© St. Petersburg Times, published May 21, 2002
When Survivor host Jeff Probst finally pulled out all the ballots and crowned 36-year-old Vecepia Towery Survivor's first black winner Sunday, I wondered if creator-executive producer Mark Burnett wasn't in a corner somewhere chuckling.
Ever since Survivor helped redefine reality TV in the summer of 2000, critics have asked why so many black contestants have lived down to the worst misconceptions about people of color. In particular, the shows have featured men that too often seemed lazy, confrontational, race-baiting and shiftless.
But tempted as some may be to assume Towery's victory shows race is not an issue on Survivor, this critic suggests thinking again. Because events preceding her win also highlighted the problems we all have in facing how race affects our actions and perceptions.
Race emerged as an electrifying topic during Survivor: Marquesas, the fourth installment in Burnett's series of contests. It had been a simmering subtext for weeks, mostly because of incendiary Sean Rector, a muscular, aggressive competitor who seemed drawn as the series' resident Angry Young Black Man. He even made slave references whenever he was asked to do work.
The issue exploded when Rector and Towery argued with competitors Neleh Dennis and Paschal English over perceived alliances.
What came from that confrontation, however, was not insightful dialogue but gutless excuses. Rather than admit the ways they'd bonded as black people, Rector and Towery insisted they weren't aligned. They accused those who disagreed of lumping them together simply because of their skin color (Rector had told the camera several episodes earlier that he and Towery were bonding because of common experiences as black people).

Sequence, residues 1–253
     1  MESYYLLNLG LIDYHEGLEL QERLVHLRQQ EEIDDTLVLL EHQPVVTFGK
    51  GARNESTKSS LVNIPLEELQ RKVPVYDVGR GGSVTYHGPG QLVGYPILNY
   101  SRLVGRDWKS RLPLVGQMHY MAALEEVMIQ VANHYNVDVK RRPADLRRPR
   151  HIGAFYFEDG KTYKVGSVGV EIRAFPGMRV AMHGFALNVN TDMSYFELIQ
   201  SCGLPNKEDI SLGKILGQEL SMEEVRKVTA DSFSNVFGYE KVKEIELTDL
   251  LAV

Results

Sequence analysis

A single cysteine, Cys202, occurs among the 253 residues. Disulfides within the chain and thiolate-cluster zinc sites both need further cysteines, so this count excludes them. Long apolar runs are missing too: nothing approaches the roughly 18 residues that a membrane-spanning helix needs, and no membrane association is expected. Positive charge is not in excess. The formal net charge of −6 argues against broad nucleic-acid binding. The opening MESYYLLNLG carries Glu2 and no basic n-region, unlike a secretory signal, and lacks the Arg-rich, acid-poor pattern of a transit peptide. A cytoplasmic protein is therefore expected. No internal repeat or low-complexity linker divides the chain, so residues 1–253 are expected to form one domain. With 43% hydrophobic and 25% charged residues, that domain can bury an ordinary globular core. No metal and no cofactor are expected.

Similarly, English complained about Rector and Towery's "agenda." (Which was what? Winning?) And he tried to guilt-trip competitor Kathy Vavrick-O'Brien into supporting him by noting she was from Vermont and he was from Georgia, while Rector was from Harlem.
Vavrick-O'Brien apparently fell for it. She helped to vote Rector off the island instead of busting up Dennis and English's alliance and giving herself a better shot at the $1-million prize. But given what an overbearing jerk Rector turned out to be, it's hard to argue he was singled out solely, or even mostly, due to his race.
What does this all mean? That so much justification, self-delusion and backbiting goes on in a reality TV contest such as Survivor, expecting honest dialogue on a topic as combustible as race seems foolish. As usual, people on all sides denied their cultural differences, or tried to pretend those differences had no impact, rather than accept and value them.
And with so few African-Americans in the game at all, Rector and Towery couldn't help but serve as symbols, even if they didn't want to. No wonder few expected Towery's fly-under-the-radar style to bring victory.
It all reminded me of my early days in college (Indiana University), when I watched other black students who had grown up in mostly black environments struggle to learn how to live with white people at a school that was just 10 percent black.
All the social shorthand and common cultural touchstones many white students took for granted had to be learned by many black students. Some of them never learned how to fit in without abandoning their roots.
I'd love to see Burnett come up with a Survivor angle that flips the script -- like stranding 14 black and Hispanic participants with two white contestants in a remote location.
Then, perhaps, we might better understand the way cultural differences play into the game -- and how fair or unfair it all might be.